Ohio Pioneers the Creation of a New 21st Century Industry
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The state will appoint the 13 members of the Ohio Agriculture toChemicals, Polymers, and Advanced Materials Task Force as early as Feb. 14,the effective date of the legislation approving the initiative. The approvalof House Bill 233 is the latest example of the state's support of itsburgeoning polymer and advanced materials industry, which boasts more than2,800 businesses statewide.
"Ohio has the supply chain to make this one-time dream tomorrow'sreality," said Lt. Gov. Lee Fisher, who also serves as the director of theOhio Department of Development. "The Task Force can only strengthen existingsynergies in polymer industry uses of agricultural products, and will helpdefine a path to streamline future collaboration converting crops from Ohiofields into brand-new commodities produced in Ohio factories."
According to the Ohio Business Development Coalition (OBDC), the nonprofitorganization that markets the state for capital investment, an official Ohiotask force is the most effective way to build on the state's existingstrengths in several key industries, identify opportunities for cross-collaboration among those industries and drive innovation.
"Biofuels, biopolymers, and other bioproducts are a growing sector, butwe've just been scratching the surface with what we can do," added RobertBoggs, director of the Ohio Department of Agriculture. "Now is the time toseize Ohio's unique opportunity to become a world leader in the conversion ofagricultural commodities into the bio-based products of the future."
Innovation in the polymer industry is driven by the state's Third Frontierprogram, a $1.6 billion initiative to help catalyze connections betweencompanies and academia to support the development process. This sharing ofknowledge often results in unexpected solutions with commercial application.
In addition to several state-supported programs specifically designed toencourage entrepreneurial business growth and development, Ohio companies alsogain access to a highly skilled workforce and enjoy a culture of collaborationamong government, industry and academia, that is a driving force in thestate's leading role in polymers.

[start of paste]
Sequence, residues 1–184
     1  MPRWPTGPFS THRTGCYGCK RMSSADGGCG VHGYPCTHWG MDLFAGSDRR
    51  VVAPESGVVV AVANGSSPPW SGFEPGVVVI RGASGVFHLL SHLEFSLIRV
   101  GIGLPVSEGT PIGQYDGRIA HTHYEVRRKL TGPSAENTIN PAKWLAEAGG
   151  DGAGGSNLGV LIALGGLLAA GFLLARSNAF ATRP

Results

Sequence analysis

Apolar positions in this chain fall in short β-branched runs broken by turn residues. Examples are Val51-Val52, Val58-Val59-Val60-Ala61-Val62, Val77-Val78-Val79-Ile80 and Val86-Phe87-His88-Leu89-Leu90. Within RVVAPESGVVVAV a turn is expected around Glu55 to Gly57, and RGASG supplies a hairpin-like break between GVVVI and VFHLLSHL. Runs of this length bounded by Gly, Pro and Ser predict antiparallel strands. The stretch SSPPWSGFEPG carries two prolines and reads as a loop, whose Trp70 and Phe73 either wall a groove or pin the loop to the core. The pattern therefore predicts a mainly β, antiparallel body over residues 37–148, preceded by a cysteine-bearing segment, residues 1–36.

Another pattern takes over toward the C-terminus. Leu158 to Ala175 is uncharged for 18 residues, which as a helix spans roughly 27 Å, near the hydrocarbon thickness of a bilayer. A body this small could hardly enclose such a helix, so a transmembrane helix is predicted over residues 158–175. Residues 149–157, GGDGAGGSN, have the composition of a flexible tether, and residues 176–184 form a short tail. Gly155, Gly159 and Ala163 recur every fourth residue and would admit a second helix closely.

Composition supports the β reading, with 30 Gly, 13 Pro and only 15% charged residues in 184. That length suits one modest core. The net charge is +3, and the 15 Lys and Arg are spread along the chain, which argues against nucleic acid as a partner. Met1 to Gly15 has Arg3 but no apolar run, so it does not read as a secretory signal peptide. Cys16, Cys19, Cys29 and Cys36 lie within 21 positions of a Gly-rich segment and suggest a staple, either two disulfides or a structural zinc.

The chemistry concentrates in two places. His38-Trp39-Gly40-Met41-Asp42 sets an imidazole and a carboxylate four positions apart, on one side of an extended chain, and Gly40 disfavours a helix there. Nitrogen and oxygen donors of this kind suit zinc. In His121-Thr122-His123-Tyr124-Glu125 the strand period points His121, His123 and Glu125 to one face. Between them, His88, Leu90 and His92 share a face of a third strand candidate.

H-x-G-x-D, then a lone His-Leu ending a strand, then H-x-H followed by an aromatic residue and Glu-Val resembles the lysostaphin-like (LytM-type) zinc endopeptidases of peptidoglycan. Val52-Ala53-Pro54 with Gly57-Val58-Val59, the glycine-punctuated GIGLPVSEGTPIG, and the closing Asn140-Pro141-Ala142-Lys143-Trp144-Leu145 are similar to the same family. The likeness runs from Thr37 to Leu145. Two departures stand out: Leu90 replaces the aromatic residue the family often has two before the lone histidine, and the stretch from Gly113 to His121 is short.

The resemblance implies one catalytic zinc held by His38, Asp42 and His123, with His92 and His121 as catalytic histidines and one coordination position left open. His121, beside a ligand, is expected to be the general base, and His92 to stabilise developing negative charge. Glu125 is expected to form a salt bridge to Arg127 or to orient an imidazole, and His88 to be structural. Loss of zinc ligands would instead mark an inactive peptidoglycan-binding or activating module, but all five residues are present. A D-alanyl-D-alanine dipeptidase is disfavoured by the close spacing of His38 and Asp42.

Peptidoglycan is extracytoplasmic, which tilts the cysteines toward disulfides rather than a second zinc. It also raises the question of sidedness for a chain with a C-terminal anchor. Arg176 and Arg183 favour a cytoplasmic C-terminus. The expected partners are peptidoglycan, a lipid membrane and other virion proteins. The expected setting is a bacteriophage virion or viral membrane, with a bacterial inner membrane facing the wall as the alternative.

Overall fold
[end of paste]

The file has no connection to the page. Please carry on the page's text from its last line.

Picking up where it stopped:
The Ohio Agriculture to Chemicals, Polymers, and Advanced Materials TaskForce will by mid-June report to the Ohio legislature and governor:
"Simply put, H.B. 233 will help bring together a diverse group ofindustries that are all individually vital to Ohio's future in agriculture,manufacturing and polymer production," said state Rep. Steve Reinhard (R-Bucyrus), who sponsored H.B. 233."
As Ohio continues its focus building up 21st-century industries, thevisionary leaders of polymer-related businesses are not only reaping thebenefits of the state's business-friendly environment, but also experiencingthe high quality of life accessible statewide.
"Business leaders are realizing how, in Ohio, they're able to find aperfect balance between successfully growing a business and still enjoyinglife," said Ed Burghard, executive director of the Ohio Business DevelopmentCoalition (OBDC). "Business owners profit from the bottom-line benefits ofbetter work:life balance for their employees. Ohio offers low-cost, low stresscommunities in a combination of micropolitan and metropolitan cities. Thisdiversity provides executives and employees the resources and time to make anyambition achievable. Ohio truly is the state of perfect balance."
The polymer industry in Ohio includes more than 2,800 facilities and140,000 workers. It generates $49 billion in annual sales reve
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